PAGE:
Competency-based education pilot program benefits QPS hiring

Quincy High junior Blaine Wilson gets some Algebra 2 help from QHS co-teacher Amanda Cramsey on Friday, Nov. 30, 2018. Cramsey is part of a pilot program at QHS where QU students working on their licensure can be in the classroom. | H-W Photo/Jake Shane
Jake Shane 1|
By Herald-Whig
Posted: Dec. 6, 2018 12:40 pm

QUINCY -- Newly hired Quincy High School teacher Amanda Cramsey spends four hours co-teaching algebra and covers two hours of resource for students with individualized education programs.

"It's going really well," Cramsey said. "I'm able to help the kids in resource that I have in my math class."

An added benefit of participating in a statewide pilot program for competency-based education makes it easier for Quincy Public Schools to hire staff -- and for Cramsey to get back in the classroom.

"I have my degree in education. I taught in a different state. When I moved back to Illinois, I did not keep up my license in the other state, so when I decided to start teaching again, it was going to take quite a bit of work to get my teaching degree in Illinois," Cramsey said. "That's why I had never done it."

The competency-based approach provides more flexibility for students to earn credits toward graduation -- and the pilot program waives many existing school code requirements that can hamper that flexibility.

The pilot program, for example, allows Cramsey to work on a master's program through Quincy University while earning her Illinois teaching certification and doing some of the work at QHS where she teaches.

"It's all very new for QU and for QPS. It's worked in other districts very well, and it kind of gets people like myself, who let their license lapse in another state, an opportunity to get in the classroom," Cramsey said. "It will take some work on my part, but it will be worth it in the end."

QPS hired Cramsey and Shanti Bowen for positions at QHS and Taylor Peters at Baldwin through provisions of the pilot program.

"This allows us to be a little more flexible and look at candidates we wouldn't previously have been able to hire," QPS Personnel Director Lisa Otten said. "All three of our competency-based teachers are special education teachers. We know those are the hardest positions to fill, so the competency-based education pilot is going to allow us to fill positions we previously were unable to fill."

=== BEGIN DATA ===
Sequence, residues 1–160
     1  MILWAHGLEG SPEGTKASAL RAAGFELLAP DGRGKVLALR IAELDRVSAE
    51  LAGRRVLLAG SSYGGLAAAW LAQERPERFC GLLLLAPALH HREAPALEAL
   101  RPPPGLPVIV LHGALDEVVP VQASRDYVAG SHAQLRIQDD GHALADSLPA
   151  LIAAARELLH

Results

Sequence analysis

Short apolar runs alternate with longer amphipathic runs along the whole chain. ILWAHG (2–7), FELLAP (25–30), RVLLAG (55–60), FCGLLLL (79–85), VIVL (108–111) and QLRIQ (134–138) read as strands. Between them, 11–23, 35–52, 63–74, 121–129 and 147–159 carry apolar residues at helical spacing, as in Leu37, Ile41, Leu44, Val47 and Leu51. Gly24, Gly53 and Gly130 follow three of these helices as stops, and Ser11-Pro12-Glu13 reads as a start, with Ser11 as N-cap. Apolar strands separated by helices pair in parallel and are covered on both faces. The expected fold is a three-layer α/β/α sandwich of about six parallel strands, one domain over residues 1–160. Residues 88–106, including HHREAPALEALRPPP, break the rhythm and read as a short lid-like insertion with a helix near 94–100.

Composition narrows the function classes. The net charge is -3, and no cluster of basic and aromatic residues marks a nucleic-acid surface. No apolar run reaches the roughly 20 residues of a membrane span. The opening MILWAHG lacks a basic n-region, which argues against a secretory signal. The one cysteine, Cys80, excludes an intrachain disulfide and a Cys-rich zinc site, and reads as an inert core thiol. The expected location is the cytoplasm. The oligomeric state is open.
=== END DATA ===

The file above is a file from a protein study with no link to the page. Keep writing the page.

All three are on what Otten called a "progressive" plan.

"At the point of hiring, they will tell us their plan to complete their professional license and when they will be certified," Otten said. "Each one of these teachers has a mentor teacher they'll be working with closely."

The new hires also get a broader look at teaching positions in the district, with one spending time in two types of special education classrooms and in a co-teaching classroom instead of being hired for just one position.

"We feel like we're setting those teachers up for success when we give them opportunities to find out where they are best suited for our district," Otten said.

All three were hired in November as one of the first steps taken by the district after the pilot program was approved by the state, and QPS is working closely with the Regional Office of Education to make sure all of the requirements are met.

Cramsey started the school year working as a full-time sub while the pilot program details were completed before moving to the certified staff. "It didn't really change what I was doing in the classroom. It just changed how I'm getting paid basically," she said.

She sees advantages to the program for herself and others with a college degree but not a teaching license.

"A lot of people who have a degree, which didn't work out quite like they wanted it to and are interested in teaching, can get their foot in the door and work with QU and get their teaching degree," Cramsey said. "I think it's a great thing with the teacher shortage."

Otten expects the district to add more competency-based teachers to the staff.

"As we're talking with people interested in teaching, our pool is now larger because we're able to look at potential candidates who might not have their program completed," Otten said. "When we are doing our hiring, regardless if we're hiring under the competency-based pilot or not, we are executing best practices in our hiring, making sure our candidates are the most qualified candidates for the positions we're hiring for. That will always be the case."